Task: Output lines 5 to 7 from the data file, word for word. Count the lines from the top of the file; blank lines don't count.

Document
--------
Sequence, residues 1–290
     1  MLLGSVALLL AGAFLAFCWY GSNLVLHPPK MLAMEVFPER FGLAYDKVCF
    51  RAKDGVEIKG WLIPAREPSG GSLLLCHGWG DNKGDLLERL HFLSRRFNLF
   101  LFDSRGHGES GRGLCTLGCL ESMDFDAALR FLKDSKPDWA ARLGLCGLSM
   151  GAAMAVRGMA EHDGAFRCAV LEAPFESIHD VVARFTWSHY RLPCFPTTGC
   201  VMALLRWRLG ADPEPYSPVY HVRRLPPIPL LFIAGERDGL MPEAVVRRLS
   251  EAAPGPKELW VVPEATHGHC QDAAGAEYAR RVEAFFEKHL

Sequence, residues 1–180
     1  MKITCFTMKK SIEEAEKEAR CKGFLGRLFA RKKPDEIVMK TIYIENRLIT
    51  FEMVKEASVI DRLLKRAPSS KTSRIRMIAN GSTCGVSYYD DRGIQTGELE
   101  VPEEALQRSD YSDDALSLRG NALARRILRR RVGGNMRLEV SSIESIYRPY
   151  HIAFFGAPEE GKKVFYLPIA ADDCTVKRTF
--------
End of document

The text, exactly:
   151  GAAMAVRGMA EHDGAFRCAV LEAPFESIHD VVARFTWSHY RLPCFPTTGC
   201  VMALLRWRLG ADPEPYSPVY HVRRLPPIPL LFIAGERDGL MPEAVVRRLS
   251  EAAPGPKELW VVPEATHGHC QDAAGAEYAR RVEAFFEKHL